Here's the good news:
See those beauts? That's just one cluster on my heirloom Legacy tomato. There are about three other clusters like that. The tomatoes are a great size; as big or bigger than the typical tomato you'd buy in the store. My mom has nowhere near the number of fruits on her Legacy.
Here's the bad news: They've been like that for about three weeks, despite the fact that we've had record temperatures and plenty of warm (and even hot) nights. They just won't ripen (and no, this isn't a green tomato variety).
Meanwhile, my mom's Delicious tomato plant also has less fruit than mine, and she officially gets the price for the first ripe tomato of the year from that plant. But what's weird is that the tomatoes on my Delicious plant are nicely formed and otherwise pretty (although, like their next door neighbors on Legacy, they aren't getting ripe any too fast), while the tomatoes on my mom's Delicous plant are a big deformed (although she reports that they taste delicious ... go figure).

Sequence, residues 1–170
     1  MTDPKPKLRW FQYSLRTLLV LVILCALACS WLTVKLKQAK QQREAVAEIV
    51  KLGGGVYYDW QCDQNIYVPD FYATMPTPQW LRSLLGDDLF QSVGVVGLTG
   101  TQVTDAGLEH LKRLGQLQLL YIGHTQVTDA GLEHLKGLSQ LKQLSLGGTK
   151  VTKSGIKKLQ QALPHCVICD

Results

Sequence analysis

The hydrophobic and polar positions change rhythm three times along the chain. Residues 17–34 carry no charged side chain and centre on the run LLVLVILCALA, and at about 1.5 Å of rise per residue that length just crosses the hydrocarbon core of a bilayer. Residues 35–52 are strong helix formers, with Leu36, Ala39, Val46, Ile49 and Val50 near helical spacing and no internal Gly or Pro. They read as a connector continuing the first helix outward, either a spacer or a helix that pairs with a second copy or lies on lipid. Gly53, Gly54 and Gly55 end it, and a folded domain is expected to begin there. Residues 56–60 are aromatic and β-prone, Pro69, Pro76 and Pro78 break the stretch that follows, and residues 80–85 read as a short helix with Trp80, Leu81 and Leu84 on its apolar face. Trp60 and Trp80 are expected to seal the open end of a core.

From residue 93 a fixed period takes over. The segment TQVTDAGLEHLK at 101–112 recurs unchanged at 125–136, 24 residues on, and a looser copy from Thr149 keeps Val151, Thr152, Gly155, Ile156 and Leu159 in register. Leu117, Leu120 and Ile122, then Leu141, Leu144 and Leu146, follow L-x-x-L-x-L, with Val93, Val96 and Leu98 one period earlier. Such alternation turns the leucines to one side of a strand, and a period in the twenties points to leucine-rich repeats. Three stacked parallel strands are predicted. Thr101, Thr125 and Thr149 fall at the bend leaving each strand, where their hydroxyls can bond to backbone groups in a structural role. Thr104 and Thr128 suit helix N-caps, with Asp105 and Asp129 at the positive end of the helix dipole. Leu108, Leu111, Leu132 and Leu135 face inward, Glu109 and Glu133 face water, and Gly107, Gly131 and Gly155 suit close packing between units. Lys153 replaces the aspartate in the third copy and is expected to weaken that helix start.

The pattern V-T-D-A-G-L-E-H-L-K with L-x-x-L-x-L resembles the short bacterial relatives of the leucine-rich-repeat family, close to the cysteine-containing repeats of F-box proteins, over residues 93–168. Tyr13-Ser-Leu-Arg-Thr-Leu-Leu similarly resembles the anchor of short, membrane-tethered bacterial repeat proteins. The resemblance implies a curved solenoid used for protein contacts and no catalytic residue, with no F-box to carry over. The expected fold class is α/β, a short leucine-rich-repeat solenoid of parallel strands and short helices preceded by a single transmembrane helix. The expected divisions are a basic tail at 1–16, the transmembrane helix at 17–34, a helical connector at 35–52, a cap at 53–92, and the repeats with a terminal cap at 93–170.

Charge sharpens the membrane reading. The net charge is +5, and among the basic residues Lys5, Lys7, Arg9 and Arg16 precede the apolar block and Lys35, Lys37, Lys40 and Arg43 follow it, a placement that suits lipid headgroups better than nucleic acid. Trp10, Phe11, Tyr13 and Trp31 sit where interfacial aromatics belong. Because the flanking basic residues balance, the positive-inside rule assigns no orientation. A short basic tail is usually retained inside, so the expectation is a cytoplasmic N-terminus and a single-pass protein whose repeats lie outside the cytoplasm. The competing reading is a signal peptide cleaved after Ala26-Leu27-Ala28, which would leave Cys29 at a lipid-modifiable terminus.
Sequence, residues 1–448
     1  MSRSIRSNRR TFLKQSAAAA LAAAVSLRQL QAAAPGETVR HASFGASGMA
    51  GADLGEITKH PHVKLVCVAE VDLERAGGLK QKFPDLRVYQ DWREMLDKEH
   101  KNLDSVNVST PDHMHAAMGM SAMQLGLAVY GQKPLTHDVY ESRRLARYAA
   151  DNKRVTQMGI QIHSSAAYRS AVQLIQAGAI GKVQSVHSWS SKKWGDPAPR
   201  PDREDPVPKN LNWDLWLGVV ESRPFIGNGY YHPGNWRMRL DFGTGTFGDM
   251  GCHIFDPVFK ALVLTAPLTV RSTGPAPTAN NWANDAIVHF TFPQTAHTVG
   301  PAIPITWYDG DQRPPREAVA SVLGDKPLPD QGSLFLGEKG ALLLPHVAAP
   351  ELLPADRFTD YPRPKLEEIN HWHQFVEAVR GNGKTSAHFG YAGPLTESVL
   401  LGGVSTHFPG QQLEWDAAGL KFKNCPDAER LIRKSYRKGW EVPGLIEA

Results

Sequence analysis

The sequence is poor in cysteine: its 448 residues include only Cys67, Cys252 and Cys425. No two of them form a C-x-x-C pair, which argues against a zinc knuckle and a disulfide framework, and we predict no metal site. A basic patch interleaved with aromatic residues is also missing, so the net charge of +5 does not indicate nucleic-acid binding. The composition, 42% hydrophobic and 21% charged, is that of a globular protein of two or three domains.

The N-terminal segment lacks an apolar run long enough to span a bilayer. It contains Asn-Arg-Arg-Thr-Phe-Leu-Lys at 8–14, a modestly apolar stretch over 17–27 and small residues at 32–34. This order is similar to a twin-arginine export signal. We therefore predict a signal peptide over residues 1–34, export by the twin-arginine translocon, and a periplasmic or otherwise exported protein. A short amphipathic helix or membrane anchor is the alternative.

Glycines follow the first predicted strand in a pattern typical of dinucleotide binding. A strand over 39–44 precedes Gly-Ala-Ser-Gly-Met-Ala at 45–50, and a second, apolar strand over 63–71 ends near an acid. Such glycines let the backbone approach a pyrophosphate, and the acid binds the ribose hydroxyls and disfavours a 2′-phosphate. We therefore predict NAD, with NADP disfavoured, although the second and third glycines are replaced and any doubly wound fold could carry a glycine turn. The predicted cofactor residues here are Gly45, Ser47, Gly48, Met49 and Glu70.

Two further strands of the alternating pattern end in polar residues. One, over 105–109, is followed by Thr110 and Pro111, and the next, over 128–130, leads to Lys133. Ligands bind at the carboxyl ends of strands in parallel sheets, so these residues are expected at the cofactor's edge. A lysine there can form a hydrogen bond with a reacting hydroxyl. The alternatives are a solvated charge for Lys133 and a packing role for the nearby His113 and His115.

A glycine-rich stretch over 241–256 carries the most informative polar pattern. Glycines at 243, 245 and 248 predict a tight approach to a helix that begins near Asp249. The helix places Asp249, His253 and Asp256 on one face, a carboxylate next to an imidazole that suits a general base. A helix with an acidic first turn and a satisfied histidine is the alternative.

There's still no real way to know exactly what accounts for the differences in the plants.
To recap, the plants were purchased from the same place and planted in the same plot. They are receiving the same water and both are in complete full sun. I planted mine with Tomato Tone organic fertilizer and my mom enrobed hers in plastic for the first several weeks of the growing season.
So here's the question though: Who can tell me why all those tomatoes on my Legacy plant are taking so darn long to ripen? Is there anything I can do to speed up the process?
Here are the past updates:
Tomato Race: I'm behind
My name is Erin and I'm a tomato hoarder